Here is a sample of the simple rhythms for our group experiment. I apologize for any fuzziness in the image and will figure that out soon! All the rhythms contain 12 beats (either 4 bars of 3/4 or 3 bars of 4/4) using only 8ths, quarters, half notes and dotted half notes. There are no syncopations. The altered versions are found directly underneath their initial “inspiration” and are hopefully subtle changes. I made alterations in two ways: by either changing a single note value (ex: a quarter note becoming two 8ths, etc) or by flipping a rhythmic cell (ex: two 8ths and a quarter becoming a quarter and two 8ths, etc). The alternate versions will always be presented in the identical tempo as the original.
As a performing musician with interests in a wide variety of genres, I have always been interested in comparing my musical tastes with that of my friends. I often wonder why I enjoy folk music so much, but cannot for the life of me get into heavy metal music, something that a friend values so highly. Or, why I am compelled to move my body along to the music in that catchy electro-pop song but strongly prefer to stay absolutely still when watching a performance of my favourite Beethoven symphony. These interests have led me to the topic of “groove.”
There is relatively little research on the topic of groove, and many big questions merit our attention, in hopes of a greater understanding of the complex phenomenon that is listening to music, and specifically in learning more about our response to music as engaged listeners.
In 2006, Guy Madison set out to learn more about groove, and operationally defined it as “wanting to move some part of the body in relation to some aspect of the sound pattern.” He went on to explain that we can now only be certain that groove does indeed exist, but we cannot yet confirm that it is brought forth by the characteristics of sound patterns, and that this experience of groove is consistent among listeners. Other questions are related to cultural and social upbringing, and if these factors greatly influence the experience of groove and musical taste. Experiments have been attempted (playing brief audio clips of various genres) to try to better understand groove, and Madison claims that groove is no more difficult to detect than other dimensions found for music experience in music research.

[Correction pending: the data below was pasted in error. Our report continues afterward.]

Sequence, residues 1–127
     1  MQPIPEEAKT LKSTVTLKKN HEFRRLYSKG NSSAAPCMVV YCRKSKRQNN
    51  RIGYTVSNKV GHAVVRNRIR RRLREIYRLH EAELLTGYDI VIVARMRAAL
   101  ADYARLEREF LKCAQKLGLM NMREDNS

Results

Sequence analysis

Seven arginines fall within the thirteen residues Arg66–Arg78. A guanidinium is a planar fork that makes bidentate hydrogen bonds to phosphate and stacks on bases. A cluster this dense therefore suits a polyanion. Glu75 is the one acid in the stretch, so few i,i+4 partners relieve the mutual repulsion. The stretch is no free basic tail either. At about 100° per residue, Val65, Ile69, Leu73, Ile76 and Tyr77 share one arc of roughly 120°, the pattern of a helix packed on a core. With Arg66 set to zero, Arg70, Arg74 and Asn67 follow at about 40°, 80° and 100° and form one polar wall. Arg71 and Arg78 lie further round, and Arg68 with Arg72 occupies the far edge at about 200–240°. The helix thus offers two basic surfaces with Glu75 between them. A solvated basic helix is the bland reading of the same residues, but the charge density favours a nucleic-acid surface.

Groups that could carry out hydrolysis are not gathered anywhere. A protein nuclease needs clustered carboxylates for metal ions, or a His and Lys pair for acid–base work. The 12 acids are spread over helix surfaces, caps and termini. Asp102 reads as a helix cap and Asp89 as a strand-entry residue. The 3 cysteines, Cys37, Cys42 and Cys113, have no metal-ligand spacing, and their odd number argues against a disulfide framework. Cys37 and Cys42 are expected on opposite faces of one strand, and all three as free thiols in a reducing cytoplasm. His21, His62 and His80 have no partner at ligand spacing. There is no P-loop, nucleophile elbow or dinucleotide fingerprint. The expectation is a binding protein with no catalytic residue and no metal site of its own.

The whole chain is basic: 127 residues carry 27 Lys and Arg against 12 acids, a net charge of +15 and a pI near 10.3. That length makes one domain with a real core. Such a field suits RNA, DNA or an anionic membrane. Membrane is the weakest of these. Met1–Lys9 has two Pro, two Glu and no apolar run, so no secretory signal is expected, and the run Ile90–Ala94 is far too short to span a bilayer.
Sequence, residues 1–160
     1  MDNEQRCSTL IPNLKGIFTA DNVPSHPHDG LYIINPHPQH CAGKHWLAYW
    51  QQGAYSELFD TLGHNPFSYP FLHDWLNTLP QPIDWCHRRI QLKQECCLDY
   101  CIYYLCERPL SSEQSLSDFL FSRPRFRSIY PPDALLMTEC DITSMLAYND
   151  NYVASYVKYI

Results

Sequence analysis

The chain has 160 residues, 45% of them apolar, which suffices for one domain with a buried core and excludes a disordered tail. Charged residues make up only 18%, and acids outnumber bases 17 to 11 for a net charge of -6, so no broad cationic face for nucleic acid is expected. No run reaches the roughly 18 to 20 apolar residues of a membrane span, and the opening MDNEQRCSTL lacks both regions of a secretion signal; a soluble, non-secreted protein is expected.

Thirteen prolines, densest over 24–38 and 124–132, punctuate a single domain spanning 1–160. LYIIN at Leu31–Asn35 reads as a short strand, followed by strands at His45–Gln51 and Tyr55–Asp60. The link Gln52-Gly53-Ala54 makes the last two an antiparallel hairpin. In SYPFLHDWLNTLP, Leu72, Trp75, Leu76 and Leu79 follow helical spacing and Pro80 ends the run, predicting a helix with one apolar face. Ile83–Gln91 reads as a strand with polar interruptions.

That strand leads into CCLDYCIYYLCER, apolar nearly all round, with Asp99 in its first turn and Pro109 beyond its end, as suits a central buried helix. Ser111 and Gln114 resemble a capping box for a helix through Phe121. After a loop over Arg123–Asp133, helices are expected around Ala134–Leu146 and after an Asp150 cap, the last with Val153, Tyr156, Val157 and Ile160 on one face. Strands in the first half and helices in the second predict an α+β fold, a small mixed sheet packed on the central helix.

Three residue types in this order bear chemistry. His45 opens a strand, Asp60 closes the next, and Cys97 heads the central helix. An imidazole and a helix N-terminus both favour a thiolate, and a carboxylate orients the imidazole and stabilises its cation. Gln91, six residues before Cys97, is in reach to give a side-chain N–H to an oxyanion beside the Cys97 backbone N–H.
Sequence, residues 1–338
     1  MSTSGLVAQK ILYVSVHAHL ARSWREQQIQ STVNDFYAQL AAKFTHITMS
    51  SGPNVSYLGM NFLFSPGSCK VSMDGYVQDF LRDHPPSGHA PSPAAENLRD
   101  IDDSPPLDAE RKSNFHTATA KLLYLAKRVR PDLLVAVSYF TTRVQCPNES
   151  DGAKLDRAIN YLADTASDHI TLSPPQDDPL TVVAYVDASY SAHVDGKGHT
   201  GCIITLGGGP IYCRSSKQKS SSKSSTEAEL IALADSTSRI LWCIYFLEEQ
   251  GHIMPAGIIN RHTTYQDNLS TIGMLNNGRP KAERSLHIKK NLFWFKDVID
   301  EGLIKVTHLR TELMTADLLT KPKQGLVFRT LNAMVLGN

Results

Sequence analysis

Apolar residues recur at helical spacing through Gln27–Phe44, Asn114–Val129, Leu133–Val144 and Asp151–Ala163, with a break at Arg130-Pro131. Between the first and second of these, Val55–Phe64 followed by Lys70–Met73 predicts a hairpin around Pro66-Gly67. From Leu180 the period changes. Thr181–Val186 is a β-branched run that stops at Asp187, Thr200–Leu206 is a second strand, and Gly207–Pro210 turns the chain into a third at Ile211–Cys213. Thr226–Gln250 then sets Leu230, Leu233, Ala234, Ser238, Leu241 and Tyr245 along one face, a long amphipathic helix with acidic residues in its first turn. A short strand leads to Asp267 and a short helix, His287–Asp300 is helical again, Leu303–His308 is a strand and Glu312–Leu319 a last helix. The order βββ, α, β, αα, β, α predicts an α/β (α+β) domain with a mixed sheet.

In my own experience, it seems as though the concept of groove is a highly personal and somewhat esoteric concept. Many musical moments that I find to carry a certain groove have not been viewed in the same light by my peers. As this course is obviously focused on aspects of rhythm, it is also a great interest of mine to learn more about the rhythmical characteristics of groove , specifically if there is a certain “something” that must be present for groove to exist. In addition, I am quite curious to discover the understanding and identification of groove among highly-trained musicians. Is groove something that can exist in any genre of music?
To aid in this research my hope is to select a small number of musical excerpts (varying in musical style) and isolate brief sections that I deem to have groove. I would then like to show these selections to my musician networks (from a diverse pool of classical musicians, band members, rappers and so forth) and determine if there are consistencies in the experience of groove, and why this is so.
I believe this to be an engaging topic, as it is still quite fresh in terms of scholarly research, and hope that it will be a fascinating period of discovery!